In January 1863, McClernand arrived in Memphis and designated the troops under his command as the Union Army of the Mississippi. McClernand also ordered Sherman to attach his XV Corps to this army, orders which would irritate Grant but which Sherman, being junior to McClernand, had no choice but to comply with. Sherman suggested an operation to McClernand in which Sherman’s troops, supported by Navy gunboats under Admiral David Dixon Porter, would assault Fort Hindman, a Confederate defense outpost on the Arkansas River. This action, known as the Battle of Arkansas Post, was undertaken without notifying Grant. Although the action was successful, Union casualties were high and Grant resented the operation, as it did little to contribute to his campaign against Vicksburg. He did not admonish McClernand however, which contributed to McClernand’s belief that he was operating independently of Grant’s army, with his presidential authorization overriding the military chain-of-command.

With the main Confederate defenses directed towards the Mississippi River, Grant now began a series of operations intended to use the bayous and waterways, augmented with improvements if necessary, to move his troops into positions from which they could assault Vicksburg. In late January, Sherman’s troops, under Grant’s orders, began work to widen and deepen the canal which had been abandoned by Williams the preceding summer (Sherman opposed the plan, but again followed his orders). The effort now became known as Grant’s Canal, though Sherman referred to it as Butler’s Ditch, after General Butler who had ordered the initial effort. Poor engineering did not take into account the vagaries of the Mississippi during periods of winter floods. An unexpected series of floods in February collapsed some of the work and filled the canal with detritus sediment, driftwood, and other debris. Attempts to clear the canal using steam dredges were unsuccessful as the canal would again flood at random, based on the Mississippi’s tendencies to overflow its banks in winter. By March, the canal was again abandoned.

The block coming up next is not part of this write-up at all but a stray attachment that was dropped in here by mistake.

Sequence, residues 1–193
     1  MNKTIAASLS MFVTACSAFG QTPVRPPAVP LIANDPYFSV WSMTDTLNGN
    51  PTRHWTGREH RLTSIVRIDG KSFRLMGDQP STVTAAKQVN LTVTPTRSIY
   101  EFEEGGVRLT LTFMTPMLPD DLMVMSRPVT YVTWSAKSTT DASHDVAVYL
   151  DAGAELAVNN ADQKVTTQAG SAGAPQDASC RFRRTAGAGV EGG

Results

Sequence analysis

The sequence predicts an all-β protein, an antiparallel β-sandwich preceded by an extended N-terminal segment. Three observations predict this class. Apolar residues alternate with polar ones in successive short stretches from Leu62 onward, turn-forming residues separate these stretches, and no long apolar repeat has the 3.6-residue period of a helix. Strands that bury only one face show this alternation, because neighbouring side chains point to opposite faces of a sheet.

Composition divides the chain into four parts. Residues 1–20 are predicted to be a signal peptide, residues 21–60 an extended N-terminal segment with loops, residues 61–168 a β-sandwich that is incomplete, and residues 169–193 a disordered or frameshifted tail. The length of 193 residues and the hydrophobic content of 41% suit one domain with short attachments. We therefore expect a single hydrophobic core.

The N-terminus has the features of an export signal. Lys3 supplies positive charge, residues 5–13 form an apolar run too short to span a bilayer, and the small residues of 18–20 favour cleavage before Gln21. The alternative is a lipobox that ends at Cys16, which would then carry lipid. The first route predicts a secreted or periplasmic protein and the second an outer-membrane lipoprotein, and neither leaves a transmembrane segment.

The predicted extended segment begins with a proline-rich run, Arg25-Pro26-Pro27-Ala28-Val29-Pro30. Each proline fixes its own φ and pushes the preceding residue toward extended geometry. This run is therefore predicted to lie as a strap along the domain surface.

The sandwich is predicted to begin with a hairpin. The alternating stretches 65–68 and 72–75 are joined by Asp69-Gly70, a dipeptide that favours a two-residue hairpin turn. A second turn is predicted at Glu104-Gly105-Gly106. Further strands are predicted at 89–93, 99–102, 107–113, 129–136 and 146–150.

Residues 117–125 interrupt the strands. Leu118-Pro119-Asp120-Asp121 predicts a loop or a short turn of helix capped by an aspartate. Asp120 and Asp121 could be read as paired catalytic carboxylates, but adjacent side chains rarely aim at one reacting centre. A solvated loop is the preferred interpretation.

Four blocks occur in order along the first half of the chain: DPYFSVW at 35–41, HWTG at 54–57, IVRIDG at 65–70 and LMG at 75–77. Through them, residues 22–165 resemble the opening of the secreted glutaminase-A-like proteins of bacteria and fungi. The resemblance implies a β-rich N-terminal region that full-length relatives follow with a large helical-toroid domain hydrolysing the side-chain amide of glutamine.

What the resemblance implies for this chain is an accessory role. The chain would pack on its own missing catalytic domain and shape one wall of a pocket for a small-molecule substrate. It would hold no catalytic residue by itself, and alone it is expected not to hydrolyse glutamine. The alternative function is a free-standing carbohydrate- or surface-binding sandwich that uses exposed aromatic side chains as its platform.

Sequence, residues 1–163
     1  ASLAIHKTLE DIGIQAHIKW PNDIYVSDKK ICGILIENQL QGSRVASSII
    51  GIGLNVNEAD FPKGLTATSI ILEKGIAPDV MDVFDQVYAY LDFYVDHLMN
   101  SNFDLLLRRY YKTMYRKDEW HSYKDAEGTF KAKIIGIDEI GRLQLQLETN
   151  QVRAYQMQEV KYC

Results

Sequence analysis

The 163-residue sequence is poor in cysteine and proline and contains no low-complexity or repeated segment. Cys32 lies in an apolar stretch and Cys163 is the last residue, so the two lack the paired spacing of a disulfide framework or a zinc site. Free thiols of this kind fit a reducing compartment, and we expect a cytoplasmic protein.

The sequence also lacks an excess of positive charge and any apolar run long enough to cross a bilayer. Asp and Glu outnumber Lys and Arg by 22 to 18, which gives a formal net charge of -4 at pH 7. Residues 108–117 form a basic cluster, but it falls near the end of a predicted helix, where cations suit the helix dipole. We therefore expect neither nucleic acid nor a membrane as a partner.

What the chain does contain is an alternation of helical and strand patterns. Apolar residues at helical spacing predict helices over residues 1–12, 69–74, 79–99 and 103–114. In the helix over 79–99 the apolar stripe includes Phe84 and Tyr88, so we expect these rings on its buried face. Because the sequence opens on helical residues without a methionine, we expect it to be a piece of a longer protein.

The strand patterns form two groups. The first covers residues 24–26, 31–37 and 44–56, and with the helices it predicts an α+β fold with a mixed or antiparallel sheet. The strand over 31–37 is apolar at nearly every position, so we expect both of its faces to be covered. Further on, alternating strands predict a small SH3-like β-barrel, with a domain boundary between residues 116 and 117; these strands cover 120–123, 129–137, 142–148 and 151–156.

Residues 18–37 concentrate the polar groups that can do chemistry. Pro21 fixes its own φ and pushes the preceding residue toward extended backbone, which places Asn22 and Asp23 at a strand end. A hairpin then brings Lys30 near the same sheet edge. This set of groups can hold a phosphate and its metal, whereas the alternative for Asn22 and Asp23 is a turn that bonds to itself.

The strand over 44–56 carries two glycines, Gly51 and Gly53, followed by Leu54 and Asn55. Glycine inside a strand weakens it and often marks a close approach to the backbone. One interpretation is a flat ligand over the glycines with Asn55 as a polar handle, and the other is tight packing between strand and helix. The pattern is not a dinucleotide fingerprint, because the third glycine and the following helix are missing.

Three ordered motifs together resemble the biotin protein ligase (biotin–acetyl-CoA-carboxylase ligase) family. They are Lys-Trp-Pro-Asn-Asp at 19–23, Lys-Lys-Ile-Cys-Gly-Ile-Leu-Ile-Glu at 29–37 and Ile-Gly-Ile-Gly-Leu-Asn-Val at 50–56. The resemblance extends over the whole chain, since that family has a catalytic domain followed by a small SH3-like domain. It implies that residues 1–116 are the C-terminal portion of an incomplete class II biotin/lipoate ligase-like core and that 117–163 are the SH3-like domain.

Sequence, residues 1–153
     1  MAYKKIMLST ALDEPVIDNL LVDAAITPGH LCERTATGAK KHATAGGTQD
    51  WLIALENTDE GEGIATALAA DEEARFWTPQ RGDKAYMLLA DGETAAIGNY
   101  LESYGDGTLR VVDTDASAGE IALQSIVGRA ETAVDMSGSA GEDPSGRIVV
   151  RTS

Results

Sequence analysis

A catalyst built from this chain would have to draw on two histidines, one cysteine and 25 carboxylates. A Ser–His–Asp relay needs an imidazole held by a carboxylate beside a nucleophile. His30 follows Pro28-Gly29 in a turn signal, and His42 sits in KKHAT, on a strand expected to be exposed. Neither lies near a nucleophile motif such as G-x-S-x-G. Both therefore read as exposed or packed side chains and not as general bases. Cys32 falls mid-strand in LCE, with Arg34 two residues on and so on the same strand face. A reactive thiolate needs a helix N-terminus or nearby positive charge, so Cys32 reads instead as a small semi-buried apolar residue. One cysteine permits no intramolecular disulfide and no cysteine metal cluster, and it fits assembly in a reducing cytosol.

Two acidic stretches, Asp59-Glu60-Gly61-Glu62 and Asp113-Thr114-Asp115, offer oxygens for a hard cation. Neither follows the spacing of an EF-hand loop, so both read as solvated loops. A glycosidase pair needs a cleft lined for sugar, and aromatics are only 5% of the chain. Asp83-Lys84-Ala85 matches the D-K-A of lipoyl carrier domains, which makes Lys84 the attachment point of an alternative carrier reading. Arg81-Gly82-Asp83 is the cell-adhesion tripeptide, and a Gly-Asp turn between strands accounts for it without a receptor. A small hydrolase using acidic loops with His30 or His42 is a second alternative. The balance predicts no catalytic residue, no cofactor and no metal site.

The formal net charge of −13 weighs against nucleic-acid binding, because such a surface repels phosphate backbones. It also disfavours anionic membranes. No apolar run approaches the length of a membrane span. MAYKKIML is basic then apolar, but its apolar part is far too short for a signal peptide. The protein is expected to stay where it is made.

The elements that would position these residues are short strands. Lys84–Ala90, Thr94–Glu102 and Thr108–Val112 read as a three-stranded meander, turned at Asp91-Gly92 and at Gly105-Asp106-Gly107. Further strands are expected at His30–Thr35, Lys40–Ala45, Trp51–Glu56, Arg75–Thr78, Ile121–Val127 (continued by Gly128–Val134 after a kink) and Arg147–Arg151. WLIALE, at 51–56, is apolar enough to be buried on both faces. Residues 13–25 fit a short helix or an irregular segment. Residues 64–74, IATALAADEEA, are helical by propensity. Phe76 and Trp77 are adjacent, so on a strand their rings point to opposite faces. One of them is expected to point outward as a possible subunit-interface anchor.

Remnants of Grant's Canal

Remnants of Grant’s Canal

Another canal, northwest of Vicksburg, was successfully completed to Lake Providence, creating a water route to the Red River that would allow Grant to send troops to Port Hudson (just north of Baton Rouge, Louisiana). However, Grant did not have enough boats to ship a force large enough to have an impact, and the canal, the only effort which successfully skirted the Vicksburg defenses, was never used.

That winter other attempts to bypass Vicksburg’s guns via the water routes were attempted and failed. By late March 1863, Grant had made seven attempts to get at Vicksburg and experienced seven failures. In early spring, having found that the defenses northwest of the city were too strong to assault and the means of bypassing the city to the south and west too difficult to achieve due to the terrain, Grant developed a new strategy. He proposed to cross the Mississippi north of Vicksburg, march his troops past the city on the western side of the river, re-cross south of the city, and attack Vicksburg from the south and east. To accomplish this goal he reorganized the Army of the Tennessee, absorbing McClernand’s Army of the Mississippi and assigning McClernand to the command of the XV Corps. This unit was tasked with building a log corduroy road suitable for the Union troops to traverse the swamps to the river.

To get back across the Mississippi River once south of Vicksburg, Grant would need ships to transport his men. He asked Admiral Porter to run downriver with a fleet of ships, passing the gauntlet of Confederate artillery at Vicksburg. It could be a one way trip for Porter; the Mississippi’s strong current would make it impossible to return upstream in the face of the Confederate guns.